533 Avalon SEBuilt in: 1925
Style: English Cottage
Konkle House - 1978 Tour, 1987 TourComments:
Home Tour write-up 1978: This home, built in 1925 by Arthur and Irene Konkle, is typical of the "Modern" homes of that period. People had tired of the rambling Victorian mansions, families were smaller and large staffs of servants were as common as they had been. In fact, this entire street represents the mood of the era when prosperous businessmen, disenchanted with the opulent extravagance of the Victorian architecture, turned to a more restrained, conservative design for their homes. But they did not sacrifice individuality. This home evidences all the charm of an English cottage with its small, arched, recessed portico which is graced by a delicate classis carving, supported by two Ionic columns. It is believed that Avalon Terrace, the street itself, was once a part of a farm which included the property on which the Oakwood Manor Apartment building now stands and ran north to the Quimby Estate. We are told that a white farmhouse stood on the site of the present-day apartment complex. Arthur Konkle was Vice President of the Howard A. Shead Lumber Company, well known and respected in the lumber brokerage business. Mrs. Konkle was the former Irene VanDeven. When they built their very contemporary home on Avalon Terrace, it was one of the first homes in Grand Rapids to be heated with fuel oil and the furnace had an automatic or "clock-type" thermostat which shut down at night. Could it be that energy conservation was a motivating factor even in the 1920's? In 1963 Mrs. Konkle sold the home to William T. Kuykendall who was associated with Eberts Cadillac. Betty Jane Alkema was the third owner of this house. An interesting feature of this house is that a part of it is built on a split level. On the ground floor is a delightful barroom, originally the laundry room, above which is a charming library which features 5 1/2 foot ash wainscoting. French doors and windows predominate through the house. In the dining room, the built-in china closets with their broken pediments are original. Everywhere you look, there is something to delight the eye, whether it?s the coved ceiling in the living room or the arched ceiling in the library. In addition to the architectural delights, visitors will enjoy viewing many of Mrs. Alema's fine antiques which include an 1860 Grandfather clock which came from the Water's estate. The doll collection was begun when Mrs. Alkema was a child.Past Owners:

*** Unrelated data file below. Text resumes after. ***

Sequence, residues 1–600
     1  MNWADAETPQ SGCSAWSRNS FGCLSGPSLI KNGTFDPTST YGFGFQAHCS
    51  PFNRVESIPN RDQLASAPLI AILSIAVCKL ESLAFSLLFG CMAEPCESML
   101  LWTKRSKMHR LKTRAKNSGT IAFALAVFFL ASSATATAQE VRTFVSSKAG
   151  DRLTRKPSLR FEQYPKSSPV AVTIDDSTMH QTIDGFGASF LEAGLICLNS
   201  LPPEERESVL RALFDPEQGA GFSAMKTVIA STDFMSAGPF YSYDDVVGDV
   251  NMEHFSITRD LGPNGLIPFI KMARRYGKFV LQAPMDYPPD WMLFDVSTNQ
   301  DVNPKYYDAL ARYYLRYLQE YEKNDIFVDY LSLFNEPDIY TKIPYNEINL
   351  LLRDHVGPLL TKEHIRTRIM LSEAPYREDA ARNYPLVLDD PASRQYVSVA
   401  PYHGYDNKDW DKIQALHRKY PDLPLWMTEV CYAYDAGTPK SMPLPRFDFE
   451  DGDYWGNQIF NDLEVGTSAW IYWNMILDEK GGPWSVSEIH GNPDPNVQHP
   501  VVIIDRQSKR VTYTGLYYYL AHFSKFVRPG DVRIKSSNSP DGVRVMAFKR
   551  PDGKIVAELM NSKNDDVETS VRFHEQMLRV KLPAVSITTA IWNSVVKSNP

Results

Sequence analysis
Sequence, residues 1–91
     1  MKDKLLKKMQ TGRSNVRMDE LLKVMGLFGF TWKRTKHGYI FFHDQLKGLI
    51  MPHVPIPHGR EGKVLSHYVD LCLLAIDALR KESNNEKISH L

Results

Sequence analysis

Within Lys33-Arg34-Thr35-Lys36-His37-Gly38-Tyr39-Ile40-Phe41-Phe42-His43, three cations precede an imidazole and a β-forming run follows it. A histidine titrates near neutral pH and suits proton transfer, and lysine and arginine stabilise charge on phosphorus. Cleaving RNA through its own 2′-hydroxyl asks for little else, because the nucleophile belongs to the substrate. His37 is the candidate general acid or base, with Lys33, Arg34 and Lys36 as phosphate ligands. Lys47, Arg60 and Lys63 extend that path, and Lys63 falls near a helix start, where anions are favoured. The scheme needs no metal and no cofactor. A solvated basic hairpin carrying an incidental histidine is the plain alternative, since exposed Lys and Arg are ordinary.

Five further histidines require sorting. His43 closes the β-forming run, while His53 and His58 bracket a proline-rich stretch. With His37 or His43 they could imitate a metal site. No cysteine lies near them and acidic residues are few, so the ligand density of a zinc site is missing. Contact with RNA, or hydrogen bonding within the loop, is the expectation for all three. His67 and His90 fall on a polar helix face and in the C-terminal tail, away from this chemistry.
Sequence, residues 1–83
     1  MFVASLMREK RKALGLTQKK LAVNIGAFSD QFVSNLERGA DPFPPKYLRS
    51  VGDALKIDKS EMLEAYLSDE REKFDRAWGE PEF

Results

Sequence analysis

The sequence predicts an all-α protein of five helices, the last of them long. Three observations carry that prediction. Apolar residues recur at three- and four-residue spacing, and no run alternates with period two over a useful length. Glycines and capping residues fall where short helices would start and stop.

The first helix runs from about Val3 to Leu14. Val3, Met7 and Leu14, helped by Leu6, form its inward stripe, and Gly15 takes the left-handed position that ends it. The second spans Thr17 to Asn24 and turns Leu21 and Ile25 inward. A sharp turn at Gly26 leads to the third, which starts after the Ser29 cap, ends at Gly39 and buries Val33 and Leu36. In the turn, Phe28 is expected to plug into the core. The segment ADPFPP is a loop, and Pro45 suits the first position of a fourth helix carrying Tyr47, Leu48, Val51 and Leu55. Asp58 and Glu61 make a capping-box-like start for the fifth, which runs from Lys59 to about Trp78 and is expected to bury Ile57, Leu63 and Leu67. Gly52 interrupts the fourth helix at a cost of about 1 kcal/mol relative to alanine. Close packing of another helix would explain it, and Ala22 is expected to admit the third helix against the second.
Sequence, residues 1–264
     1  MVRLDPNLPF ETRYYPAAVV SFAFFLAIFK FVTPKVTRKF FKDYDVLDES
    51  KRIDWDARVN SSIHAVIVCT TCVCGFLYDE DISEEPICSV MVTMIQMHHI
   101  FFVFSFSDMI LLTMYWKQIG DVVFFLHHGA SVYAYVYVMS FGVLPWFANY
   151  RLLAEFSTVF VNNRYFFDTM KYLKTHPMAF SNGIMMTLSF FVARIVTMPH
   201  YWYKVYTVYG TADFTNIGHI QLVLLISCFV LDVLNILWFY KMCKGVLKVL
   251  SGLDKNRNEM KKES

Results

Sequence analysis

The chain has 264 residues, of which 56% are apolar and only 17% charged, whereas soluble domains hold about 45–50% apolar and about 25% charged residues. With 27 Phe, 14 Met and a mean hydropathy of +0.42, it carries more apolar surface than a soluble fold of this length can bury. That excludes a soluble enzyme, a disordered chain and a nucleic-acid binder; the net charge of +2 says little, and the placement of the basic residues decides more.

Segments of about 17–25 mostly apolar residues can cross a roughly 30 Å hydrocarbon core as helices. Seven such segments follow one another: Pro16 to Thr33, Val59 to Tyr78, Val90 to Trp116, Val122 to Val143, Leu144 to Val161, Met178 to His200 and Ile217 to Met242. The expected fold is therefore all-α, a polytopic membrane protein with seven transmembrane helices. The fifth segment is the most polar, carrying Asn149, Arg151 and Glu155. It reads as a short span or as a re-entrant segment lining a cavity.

Konkle, Arthur and Irene - Original OwnerImages and Documents
William T. Kuyendall
Betty Jane Alkema
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